Neurosurgeons Support Legislation to Repeal Medicare Board
Article ID: 598326
Released: 22-Jan-2013 4:00 PM EST
Source Newsroom: American Association of Neurological Surgeons (AANS)
Newswise — Washington, D.C. (January 22, 2013) — The American Association of Neurological Surgeons (AANS) and Congress of Neurological Surgeons (CNS) joined 24 other medical societies in endorsing the “Protecting Seniors’ Access to Medicare Act.” Sponsored by Reps. Phil Roe, MD (R-TN) and Allyson Schwartz (D-PA), this bipartisan legislation would repeal the Independent Payment Advisory Board (IPAB), thereby protecting seniors from Medicare cuts that could threaten their access to care.
The IPAB was created by the Patient Protection and Affordable Care Act, and is a board of 15 unelected and largely unaccountable government bureaucrats whose primary purpose is to cut Medicare spending. In fact, by 2015, the IPAB will have the power to cut billions from the Medicare program. In addition to these cuts, there are also many other problems with the IPAB, including:
• If IPAB fails to report recommendations, the power to make significant Medicare policy decisions will rest solely in the hands of a single individual – the Secretary of the Department of Health and Human Services;
• Fewer than half of the IPAB members can be health-care providers, and none are permitted to be practicing physicians or otherwise employed;
• Providers representing roughly 37 percent of all Medicare payments, including hospitals and hospice care, are exempt from IPAB cuts until 2020 – thus, IPAB-directed cuts will disproportionately fall on all other providers, including surgeons;
• Physicians are facing cuts of more than 40 percent over the next decade, and without a permanent solution to Medicare’s sustainable growth rate formula, physicians could be subject to “double jeopardy” with cuts from both the SGR and IPAB; and
• IPAB severely limits congressional authority and eliminates the transparency of hearings, debate and the meaningful opportunity of stakeholder input. Additionally, IPAB recommendations are “fast-tracked” and automatically go into effect unless blocked or amended by Congress within seven months, which is completely unrealistic.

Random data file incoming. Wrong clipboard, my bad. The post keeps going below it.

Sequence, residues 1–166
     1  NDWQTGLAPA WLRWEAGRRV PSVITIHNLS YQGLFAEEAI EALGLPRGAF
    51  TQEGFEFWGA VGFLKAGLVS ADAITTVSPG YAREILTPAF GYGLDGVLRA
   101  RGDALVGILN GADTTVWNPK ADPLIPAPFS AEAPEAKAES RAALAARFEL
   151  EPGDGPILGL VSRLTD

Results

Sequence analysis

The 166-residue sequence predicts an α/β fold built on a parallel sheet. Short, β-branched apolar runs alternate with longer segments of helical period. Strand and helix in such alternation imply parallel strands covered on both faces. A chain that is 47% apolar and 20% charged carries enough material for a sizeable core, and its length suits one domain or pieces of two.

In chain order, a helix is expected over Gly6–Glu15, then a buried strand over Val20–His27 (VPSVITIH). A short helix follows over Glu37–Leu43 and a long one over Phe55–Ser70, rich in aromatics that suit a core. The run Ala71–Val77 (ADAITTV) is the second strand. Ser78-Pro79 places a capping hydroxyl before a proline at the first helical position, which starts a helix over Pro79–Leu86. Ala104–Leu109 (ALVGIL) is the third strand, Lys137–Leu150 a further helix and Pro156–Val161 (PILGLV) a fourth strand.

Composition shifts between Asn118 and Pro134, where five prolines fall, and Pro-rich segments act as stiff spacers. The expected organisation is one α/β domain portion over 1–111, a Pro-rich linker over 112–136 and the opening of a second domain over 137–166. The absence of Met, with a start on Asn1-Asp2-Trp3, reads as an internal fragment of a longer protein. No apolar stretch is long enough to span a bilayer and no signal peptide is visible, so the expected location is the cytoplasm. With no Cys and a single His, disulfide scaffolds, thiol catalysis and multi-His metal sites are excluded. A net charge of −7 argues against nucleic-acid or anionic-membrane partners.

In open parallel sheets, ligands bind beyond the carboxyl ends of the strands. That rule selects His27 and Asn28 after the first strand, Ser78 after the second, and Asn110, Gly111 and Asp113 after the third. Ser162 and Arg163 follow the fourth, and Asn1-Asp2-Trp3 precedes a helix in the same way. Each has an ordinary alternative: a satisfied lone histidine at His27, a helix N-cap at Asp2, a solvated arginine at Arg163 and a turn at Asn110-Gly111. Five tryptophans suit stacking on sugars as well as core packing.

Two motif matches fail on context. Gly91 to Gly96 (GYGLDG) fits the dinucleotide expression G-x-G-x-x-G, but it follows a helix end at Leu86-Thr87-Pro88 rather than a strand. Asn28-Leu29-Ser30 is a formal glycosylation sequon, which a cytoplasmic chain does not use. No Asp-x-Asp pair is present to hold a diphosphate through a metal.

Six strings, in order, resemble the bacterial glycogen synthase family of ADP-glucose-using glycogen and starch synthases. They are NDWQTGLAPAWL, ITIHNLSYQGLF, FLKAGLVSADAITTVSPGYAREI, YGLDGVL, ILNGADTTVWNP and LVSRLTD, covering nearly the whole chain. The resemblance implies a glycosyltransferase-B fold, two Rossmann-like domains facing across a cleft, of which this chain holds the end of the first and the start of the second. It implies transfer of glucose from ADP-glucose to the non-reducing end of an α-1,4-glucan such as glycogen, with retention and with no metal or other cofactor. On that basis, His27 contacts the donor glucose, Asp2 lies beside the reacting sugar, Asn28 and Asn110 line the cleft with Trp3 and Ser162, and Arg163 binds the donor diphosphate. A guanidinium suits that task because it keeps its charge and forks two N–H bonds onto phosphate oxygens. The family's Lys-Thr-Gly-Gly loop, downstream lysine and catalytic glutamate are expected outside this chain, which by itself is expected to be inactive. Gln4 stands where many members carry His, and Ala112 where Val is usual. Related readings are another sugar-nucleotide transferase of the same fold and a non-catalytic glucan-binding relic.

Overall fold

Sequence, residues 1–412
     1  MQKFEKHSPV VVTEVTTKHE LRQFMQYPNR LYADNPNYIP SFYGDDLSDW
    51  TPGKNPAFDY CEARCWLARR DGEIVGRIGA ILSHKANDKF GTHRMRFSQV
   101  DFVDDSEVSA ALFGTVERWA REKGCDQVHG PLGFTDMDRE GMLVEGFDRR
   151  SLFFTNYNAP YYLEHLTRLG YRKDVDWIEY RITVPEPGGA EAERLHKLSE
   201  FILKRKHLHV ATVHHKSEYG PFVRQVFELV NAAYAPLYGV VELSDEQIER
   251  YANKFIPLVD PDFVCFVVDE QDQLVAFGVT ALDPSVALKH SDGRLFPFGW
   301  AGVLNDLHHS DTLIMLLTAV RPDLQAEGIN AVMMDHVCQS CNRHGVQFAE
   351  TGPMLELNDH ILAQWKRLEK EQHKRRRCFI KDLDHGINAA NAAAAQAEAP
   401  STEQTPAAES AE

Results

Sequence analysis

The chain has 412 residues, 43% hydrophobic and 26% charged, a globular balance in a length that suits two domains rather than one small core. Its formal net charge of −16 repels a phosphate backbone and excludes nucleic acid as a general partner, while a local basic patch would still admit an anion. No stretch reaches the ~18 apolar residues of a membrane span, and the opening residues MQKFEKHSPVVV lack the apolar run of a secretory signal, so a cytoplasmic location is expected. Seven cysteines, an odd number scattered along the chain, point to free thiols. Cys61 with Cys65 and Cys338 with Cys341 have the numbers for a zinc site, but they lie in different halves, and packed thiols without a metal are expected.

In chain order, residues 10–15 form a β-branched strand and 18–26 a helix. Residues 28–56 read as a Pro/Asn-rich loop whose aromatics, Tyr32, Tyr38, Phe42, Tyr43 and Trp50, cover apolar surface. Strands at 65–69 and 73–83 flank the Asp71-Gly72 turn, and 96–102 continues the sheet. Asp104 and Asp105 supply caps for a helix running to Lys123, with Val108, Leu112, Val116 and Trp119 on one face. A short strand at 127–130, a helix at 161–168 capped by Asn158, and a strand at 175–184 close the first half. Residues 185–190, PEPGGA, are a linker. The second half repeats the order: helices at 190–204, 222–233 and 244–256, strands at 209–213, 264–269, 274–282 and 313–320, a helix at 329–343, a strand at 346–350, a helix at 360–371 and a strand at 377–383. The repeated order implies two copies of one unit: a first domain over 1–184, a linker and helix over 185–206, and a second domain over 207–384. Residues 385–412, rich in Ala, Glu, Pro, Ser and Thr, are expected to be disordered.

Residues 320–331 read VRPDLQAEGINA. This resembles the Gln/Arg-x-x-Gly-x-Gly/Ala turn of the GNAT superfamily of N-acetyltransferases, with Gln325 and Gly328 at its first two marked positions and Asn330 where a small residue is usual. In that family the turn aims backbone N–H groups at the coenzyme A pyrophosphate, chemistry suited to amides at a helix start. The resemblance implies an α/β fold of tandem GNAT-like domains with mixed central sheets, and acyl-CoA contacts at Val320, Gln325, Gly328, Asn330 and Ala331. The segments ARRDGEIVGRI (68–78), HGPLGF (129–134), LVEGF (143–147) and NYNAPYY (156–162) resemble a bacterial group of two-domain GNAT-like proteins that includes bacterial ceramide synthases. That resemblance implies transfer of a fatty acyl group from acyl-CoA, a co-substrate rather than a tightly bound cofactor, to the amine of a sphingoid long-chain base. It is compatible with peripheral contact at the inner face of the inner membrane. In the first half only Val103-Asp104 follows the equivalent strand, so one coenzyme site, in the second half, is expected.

“Allowing an unelected, unaccountable body with minimal congressional oversight to have the power to make arbitrary cuts to Medicare will negatively affect timely access to quality health care for our patients,” said Dr. John A. Wilson, a neurosurgeon from Winston Salem, NC, and chairman of the AANS/CNS Washington Committee.
Dr. Wilson added, “Neurosurgery recognizes that we need to control the growth of health-care spending, but the IPAB is simply the wrong solution for addressing these budgetary challenges. Instead, Congress needs to repeal the IPAB and develop a bipartisan workable alternative which reimburses physicians effectively and safeguards access of care to those in the Medicare program.”
The American Association of Neurological Surgeons (AANS), founded in 1931, and the Congress of Neurological Surgeons (CNS), founded in 1951, are the two largest scientific and educational associations for neurosurgical professionals in the world. These groups represent over 8,000 neurosurgeons worldwide. Neurological surgery is the medical specialty concerned with the prevention, diagnosis, treatment and rehabilitation of disorders that affect the entire nervous system, including the spinal column, spinal cord, brain and peripheral nerves. For more information, please visit www.aans.org, www.cns.org or www.neurosurgeryblog.org.